Remind Me Again How a Dora Sleeping Bag Fits into the Story of Hanukkah?Meredith Carroll
It’s been years since I went to Hebrew school, so please do me a favor and remind exactly where a Dora the Explorer sleeping bag fits into the story of Hanukkah.
Because a Dora sleeping bag must be in the there somewhere with the story of the Maccabees and the miraculous oil that burned for eight days. I’m sure of it.
Otherwise, why does my 3-year-old daughter necessarily get one when we light the candles and say the prayers this Hanukkah?
For most Reform Jews, Hanukkah is an occasion to simply gather with family, light the menorah and eat. Not to diminish the accomplishments of Judah, the Maccabees and that miraculous drop of oil (back when trans fat was revered instead of reviled), but technically it’s a relatively minor happening on the Jewish calendar that’s presumed by many non-Jews to be major because of its proximity to Christmas.
Sure, for kids, Hanukkah feels significant not because of the story of the Jewish struggle for religious freedom and national survival, but because along the way someone inexplicably added presents to the tradition that previously only included potato latkes, a spinning top and chocolate shaped liked coins and wrapped in gold foil (which is not to disparage fried potatoes and chocolate wrapped in gold foil, both of which are always deeply appreciated). To a child, any occasion that includes eight gifts is definitely an Occasion.
It’s not that I’m a Scrooge per se (although my 3-month-old baby will get nothing for Hanukkah), but I just take umbrage with the fact that all of a sudden my toddler knows to ask for stuff as it relates to Hanukkah. I certainly didn’t tell her about it, although I’m sure it’s something she picked up in preschool (along with the always charming, “Sharing is not caring”).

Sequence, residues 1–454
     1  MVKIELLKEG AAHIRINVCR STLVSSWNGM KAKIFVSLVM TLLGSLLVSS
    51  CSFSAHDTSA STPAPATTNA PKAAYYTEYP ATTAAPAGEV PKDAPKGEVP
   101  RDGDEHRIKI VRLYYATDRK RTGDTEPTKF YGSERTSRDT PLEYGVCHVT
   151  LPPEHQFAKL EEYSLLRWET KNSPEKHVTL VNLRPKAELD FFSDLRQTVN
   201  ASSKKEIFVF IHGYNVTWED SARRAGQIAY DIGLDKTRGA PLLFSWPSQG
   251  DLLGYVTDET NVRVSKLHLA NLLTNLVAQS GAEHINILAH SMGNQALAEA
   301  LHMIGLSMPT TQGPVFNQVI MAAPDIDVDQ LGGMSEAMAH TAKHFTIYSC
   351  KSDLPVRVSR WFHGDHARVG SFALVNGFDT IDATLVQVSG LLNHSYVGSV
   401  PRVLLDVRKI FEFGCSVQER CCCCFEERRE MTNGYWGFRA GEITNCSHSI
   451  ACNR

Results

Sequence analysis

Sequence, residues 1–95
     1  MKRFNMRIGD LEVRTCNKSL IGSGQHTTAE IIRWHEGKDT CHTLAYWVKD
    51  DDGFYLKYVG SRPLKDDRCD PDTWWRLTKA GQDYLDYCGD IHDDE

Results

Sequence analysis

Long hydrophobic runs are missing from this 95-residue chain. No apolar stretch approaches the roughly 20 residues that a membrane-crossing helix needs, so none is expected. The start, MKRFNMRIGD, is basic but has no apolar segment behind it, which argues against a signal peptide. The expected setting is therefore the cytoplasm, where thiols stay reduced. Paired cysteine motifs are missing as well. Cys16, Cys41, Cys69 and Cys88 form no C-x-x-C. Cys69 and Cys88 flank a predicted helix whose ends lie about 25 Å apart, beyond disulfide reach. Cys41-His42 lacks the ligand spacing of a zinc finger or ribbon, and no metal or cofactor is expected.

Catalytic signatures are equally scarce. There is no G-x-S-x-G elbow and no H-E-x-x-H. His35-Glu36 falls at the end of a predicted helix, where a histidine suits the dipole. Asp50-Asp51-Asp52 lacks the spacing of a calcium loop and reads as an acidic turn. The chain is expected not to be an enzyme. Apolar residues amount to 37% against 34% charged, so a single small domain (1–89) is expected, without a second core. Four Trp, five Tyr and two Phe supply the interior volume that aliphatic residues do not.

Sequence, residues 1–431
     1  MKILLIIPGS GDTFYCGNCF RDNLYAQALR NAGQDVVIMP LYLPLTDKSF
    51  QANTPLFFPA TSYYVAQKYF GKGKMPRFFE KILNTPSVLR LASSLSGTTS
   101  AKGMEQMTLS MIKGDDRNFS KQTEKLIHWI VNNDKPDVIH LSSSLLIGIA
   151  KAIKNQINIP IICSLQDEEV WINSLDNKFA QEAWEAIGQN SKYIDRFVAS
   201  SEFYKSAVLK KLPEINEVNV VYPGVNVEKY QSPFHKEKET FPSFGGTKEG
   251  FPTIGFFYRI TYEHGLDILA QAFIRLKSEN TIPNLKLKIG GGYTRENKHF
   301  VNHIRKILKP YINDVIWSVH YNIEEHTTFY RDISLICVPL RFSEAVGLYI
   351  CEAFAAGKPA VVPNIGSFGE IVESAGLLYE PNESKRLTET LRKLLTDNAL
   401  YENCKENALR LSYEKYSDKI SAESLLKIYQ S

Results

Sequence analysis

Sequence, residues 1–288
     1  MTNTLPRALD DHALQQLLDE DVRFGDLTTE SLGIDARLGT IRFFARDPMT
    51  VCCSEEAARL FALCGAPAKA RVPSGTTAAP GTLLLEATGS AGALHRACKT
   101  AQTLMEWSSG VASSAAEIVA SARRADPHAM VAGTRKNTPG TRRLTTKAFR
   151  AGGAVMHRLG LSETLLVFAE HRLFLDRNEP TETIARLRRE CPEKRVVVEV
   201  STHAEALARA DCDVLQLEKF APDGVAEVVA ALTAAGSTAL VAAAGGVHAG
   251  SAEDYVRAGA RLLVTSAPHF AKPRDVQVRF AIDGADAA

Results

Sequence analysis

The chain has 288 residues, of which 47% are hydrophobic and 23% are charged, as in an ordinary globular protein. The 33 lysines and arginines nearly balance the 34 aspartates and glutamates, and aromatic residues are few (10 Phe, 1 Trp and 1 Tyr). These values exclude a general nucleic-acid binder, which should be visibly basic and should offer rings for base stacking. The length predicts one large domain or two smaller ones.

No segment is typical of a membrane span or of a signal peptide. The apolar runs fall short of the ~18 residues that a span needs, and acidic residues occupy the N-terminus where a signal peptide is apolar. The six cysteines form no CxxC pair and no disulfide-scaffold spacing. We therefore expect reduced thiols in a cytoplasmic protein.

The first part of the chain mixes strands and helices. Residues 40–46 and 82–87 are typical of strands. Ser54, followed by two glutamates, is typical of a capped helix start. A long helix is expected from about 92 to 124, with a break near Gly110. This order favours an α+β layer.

It helps that she’s actually into the holiday (along with all holidays — like, really into them). She was thrilled when the menorah came out of storage and into our house, along with the dreidels and gelt. Of course she keeps asking, too, about sitting on Santa’s lap and when he’s coming over to give her a pink Dora doll (apparently the Jews supply the sleeping bags and the goys the dolls who sleep in said bags).
I suppose as long as she keeps up her interest in Judaism and the significance behind the holidays — major and minor — I shouldn’t complain. But somehow the whole thing was cuter when we initiated the gifts and she wasn’t coming to us with her list of hostage demands via Nickelodeon.
How do you balance the religious significance of the holidays with all the stuff?